In conjunction with FIG. 4, which is in the form of a diagram, the various pedal characteristics resulting for normal operation (curve I) and for disrupted operation (curve II) will now be explained in more detail, in the form of function courses of the pedal force F.sub.ped over the pedal travel s, measured in mm. In the absence of a report of disruption or failure, the adjusting force F.sub.R of the piston 31 takes effect, beginning at the point of origin on the graph, until after a specific amount of travel, for instance 1.5 mm, the brake valve 12' introduces pressure and a corresponding force increase, the course of which is usually progressive, thereby results. This brake pressure increase, which is expressed in the pedal force, is produced essentially in the conventional manner for brake boosters having a travel simulator, in that the introduced pressure of the hydraulic medium not only acts upon the at least one brake circuit via the pressure chambers of the brake booster, but also has a feedback effect on the actuation piston, so that the driver has a sense of the resultant brake force.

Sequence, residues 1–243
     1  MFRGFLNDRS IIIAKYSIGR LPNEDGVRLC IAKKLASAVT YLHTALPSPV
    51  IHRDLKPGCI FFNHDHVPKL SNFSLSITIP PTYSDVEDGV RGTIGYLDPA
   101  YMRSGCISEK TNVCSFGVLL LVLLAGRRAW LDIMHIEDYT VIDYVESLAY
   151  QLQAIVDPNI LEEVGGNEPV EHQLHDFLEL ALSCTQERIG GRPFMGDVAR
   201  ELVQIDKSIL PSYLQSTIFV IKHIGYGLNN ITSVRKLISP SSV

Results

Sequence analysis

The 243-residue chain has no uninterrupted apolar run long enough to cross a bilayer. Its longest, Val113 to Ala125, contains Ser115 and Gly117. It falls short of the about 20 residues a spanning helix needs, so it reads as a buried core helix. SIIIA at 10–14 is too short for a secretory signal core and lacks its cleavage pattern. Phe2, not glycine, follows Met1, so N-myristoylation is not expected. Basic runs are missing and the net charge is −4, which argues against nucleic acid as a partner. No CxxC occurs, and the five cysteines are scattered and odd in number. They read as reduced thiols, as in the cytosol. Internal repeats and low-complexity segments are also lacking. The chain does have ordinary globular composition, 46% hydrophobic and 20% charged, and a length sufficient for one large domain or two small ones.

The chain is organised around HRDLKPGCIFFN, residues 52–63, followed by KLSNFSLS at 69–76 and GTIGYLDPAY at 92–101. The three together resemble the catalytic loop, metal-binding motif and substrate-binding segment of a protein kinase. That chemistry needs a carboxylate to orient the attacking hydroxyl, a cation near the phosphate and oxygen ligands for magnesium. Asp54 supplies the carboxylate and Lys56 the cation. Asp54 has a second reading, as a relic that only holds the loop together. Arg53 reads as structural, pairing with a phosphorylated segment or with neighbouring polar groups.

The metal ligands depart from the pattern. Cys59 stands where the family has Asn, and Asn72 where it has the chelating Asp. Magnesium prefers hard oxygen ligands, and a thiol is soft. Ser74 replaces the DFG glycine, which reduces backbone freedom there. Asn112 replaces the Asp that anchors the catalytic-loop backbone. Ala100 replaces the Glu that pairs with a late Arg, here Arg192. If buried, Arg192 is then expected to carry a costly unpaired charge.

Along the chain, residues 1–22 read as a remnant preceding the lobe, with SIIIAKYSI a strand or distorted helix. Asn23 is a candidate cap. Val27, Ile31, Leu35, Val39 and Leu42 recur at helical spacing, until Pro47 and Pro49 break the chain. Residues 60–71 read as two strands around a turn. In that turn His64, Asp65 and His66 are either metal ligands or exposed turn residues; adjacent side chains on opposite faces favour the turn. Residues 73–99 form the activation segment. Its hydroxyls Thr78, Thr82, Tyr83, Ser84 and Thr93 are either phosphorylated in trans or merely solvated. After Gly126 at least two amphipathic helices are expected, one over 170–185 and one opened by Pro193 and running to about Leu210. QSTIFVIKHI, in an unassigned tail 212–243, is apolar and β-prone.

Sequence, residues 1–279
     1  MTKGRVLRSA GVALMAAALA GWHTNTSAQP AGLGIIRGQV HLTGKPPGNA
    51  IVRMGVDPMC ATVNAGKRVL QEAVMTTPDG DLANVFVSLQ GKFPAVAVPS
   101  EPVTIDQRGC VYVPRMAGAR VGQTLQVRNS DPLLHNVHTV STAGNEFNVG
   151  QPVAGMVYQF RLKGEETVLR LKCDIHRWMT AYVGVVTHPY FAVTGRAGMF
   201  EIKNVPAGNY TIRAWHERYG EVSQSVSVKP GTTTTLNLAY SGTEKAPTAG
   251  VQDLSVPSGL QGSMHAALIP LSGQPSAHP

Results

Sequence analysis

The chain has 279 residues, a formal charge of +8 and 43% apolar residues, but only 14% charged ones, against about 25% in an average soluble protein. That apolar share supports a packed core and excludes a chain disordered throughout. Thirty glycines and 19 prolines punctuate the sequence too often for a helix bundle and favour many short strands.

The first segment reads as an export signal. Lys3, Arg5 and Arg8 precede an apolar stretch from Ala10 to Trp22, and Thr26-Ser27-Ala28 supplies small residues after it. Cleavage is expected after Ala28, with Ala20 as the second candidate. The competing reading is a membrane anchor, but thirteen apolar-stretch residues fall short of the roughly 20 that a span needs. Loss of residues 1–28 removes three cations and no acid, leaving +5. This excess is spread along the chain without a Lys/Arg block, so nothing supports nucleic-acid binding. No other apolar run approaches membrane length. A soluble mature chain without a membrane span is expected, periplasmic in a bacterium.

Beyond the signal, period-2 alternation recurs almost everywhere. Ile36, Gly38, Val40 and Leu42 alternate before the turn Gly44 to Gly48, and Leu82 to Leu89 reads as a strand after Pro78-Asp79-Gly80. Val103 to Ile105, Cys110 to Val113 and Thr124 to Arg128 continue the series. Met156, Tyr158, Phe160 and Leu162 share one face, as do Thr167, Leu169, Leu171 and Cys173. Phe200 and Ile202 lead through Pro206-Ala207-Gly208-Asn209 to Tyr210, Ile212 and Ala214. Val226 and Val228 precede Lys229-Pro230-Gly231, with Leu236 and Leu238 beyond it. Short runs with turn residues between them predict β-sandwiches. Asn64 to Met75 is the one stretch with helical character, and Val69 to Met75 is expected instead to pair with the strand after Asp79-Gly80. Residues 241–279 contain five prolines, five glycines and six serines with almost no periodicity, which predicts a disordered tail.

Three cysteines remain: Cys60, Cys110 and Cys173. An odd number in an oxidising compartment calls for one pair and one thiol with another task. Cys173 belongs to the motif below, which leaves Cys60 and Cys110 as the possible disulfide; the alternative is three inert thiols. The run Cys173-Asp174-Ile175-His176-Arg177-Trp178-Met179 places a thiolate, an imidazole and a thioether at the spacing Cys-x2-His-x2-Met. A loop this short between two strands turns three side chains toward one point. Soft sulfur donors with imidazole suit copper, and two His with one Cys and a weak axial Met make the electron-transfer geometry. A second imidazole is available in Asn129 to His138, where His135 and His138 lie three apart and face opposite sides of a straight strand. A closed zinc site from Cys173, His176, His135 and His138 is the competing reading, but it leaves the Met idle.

In contrast to this, when a failure exists there is initially a small force jump, as shown at A in curve II of FIG. 4, and the cause of this is that the travel simulator, or more specifically and in terms of the exemplary embodiments shown, the arresting nose strikes the detent device (lever 56) or encounters the action of the electromagnetic adjusting member. As the course continues, there is a considerable idle travel, which is caused by the compression of the travel simulator spring 33, which travel is ineffective with respect to the brake valve 12'. If the travel simulator spring then overcomes the biasing force of the particular displacement member involved, then after a correspondingly small increase in force the result is that pressure is fed into the booster, causing the virtually abrupt increase in the course of the feedback force upon the pedal tappet. It will be understood that by appropriately designing the components in the vicinity of the travel simulator device that participate in this process, both the idle travel and the force and pressure increases can be freely selected within wide limits. It is thus possible to generate a pedal feedback effect for the failure mode which is virtually optimal in human engineering terms.